Mitchell Robinson’s life has been indescribably coloured by gun violence. His experiences allow him to speak with wisdom and authority on many gun violence issues that he has personally been involved with. Beyond its deep assurance, his graveled voice is laced with both pride and hope: pride from knowing he turned his life around, and hope through his belief that, with help, anyone can do the same.
Mitch works as an Outreach Worker for Philadelphia CeaseFire, talking to kids about all the options available to them that don’t involve the streets. He visits kids in their homes, hosts workshops at schools and works from virtually every angle to convince kids that there’s more to life what they can currently see. Mitch was shot when he was 16 years old, about the same age as most of the kids he works with. Although he provides them with many resources like resume-building workshops and one-on-one mentoring, as someone who’s been in their shoes, Mitch knows the greatest resource he can provide his kids is simply his presence as a person who doesn’t see them as a number or a problem, but someone who cares and understands.
A Sincerity Strategy
“The one thing our kids recognize is genuineness, at the end of the day … You can sit there and talk to a child, and he can listen and understand where you’re coming from. Nothing fake. I don’t have to stand in front and say I did 10-15 years and stuff like that. What I can say is, “I’ve been there, done that. I’ve been at the bottom, and you can be like me or ten times better.” But they have to feel it in you. If they don’t feel it in you, it won’t work.
“You need to be able to assess and talk to a person. That’s where the genuineness comes in ... those kids aren’t going to talk to you if they feel as though you’re just another school official. They prefer to talk to us. So we do a process in intake. We’ll talk to the kids about certain things that they’re doing ... let them know we’re not police or staff or your parents. We’re people who are here with Temple who don’t make a lot of money, but we care. You really need to understand that.”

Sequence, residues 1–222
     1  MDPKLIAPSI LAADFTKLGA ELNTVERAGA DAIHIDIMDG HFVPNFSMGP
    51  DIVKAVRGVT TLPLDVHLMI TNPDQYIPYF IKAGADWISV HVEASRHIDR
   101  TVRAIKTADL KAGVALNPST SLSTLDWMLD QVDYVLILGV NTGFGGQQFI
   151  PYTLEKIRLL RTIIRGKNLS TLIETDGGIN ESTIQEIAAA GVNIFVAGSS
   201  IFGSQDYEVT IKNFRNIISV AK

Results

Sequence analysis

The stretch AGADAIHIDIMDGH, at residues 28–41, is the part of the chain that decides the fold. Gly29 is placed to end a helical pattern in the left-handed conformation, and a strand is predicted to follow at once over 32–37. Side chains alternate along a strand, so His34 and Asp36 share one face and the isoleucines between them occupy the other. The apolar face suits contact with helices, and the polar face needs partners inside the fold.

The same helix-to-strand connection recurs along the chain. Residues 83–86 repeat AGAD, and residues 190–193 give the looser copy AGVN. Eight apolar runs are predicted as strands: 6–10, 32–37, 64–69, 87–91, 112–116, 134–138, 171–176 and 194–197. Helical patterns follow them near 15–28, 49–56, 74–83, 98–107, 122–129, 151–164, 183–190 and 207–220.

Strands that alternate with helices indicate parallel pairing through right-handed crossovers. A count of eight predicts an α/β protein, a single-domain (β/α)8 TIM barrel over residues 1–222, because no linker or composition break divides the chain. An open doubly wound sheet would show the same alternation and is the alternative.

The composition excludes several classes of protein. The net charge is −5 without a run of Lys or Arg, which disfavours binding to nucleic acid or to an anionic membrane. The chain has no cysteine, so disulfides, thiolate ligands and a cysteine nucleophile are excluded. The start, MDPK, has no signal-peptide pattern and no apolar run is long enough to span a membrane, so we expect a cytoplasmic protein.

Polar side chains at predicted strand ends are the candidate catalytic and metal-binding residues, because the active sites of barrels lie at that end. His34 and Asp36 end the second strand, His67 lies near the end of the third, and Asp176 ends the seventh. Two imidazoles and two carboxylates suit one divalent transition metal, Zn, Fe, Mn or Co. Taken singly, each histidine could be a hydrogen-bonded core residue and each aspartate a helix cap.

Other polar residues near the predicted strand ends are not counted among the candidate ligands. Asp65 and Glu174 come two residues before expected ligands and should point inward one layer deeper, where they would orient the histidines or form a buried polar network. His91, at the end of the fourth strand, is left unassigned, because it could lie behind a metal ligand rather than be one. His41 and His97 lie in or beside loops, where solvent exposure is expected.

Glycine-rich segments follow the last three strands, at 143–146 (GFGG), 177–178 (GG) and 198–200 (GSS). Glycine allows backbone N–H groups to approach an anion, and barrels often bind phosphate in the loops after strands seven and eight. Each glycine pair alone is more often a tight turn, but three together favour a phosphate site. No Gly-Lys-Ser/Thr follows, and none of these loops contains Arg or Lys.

Dirt Don’t Hurt
“We do everything. It takes a lot to redirect. Sometimes you have to go beneath the surface to bring out that seed. So if you’re not willing to get your fingers dirty, don’t get into it. These kids need to know, ‘I have everything against me outside these doors, [but] I got one person that’s in this school that’s not talking about stats, not talking about pushing me through school or getting our numbers up. It’s just about me ... bettering myself.’
“Some of these guys sell drugs. They’re out here shooting, fighting, smoking drinking, being promiscuous and doing all these things. For a stranger to come along out of nowhere and say, ‘Hey, it doesn’t have to be that route,’ that speaks a lot.
“We’re doing a session coming up on how to fill out job applications and how to dress, act, and speak for a job. These are the key things that we do you have to be able to see the problem, attack it from the core and then come build from the inside to the outside … As an outreach worker, we touch every known entity of their lives from the parents to school to the street to drugs to women to guns. You have to attack everything and be able to say, ‘Stop and think for a second.’
“If you can get them to stop and think for a second then it’ll start running through their heads that ‘maybe I shouldn’t be doing this.’ The problem is most crimes happen off emotions. They’re quick. So you have to be able to understand that as an outreach worker. We understand, we identify, we attack, we build, we grow, and we nurture.”
"What everyone fails to understand is that this sickness of violence starts from home. It’s an in-house sickness. Everyone is dancing around and talking about legislation and government, but the government has been the same way for 80-100 years, and it’s not going to change. It starts with the people ... Without the people there is no government. So when you get with these kids and you’re sitting in the house you start with the children. A new generation [is] what you have to build on. Once you start building up the young people you can start to change minds.
"Sometimes you [also] have parents that need help. A lot of them want it, and a lot of them don’t. I spoke to a parent last night who had gotten kicked out of his house and had lost his son. He has no job. I knew that the way I could best help the son was to help the father. So the first thing I did was pull my book of jobs out. ‘Hey dad, not to tell you what to do, but let me throw a couple jobs at you and see what happens. Here are some names and numbers, why don’t you go check them out?’ Now, he might not get them, but it’s a spark, and that father will start thinking, “This man doesn’t know me from a can of paint, but he’s throwing me jobs.” Then the son is looking at his dad, the dad is looking at me, and I’m looking back at the son, because it’s a cycle. If I help him, you help me and we all help each other."
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Interview by Jonnell Burke and Dan Kurland | Text by Jonnell Burke | Photography by Alexander Atienza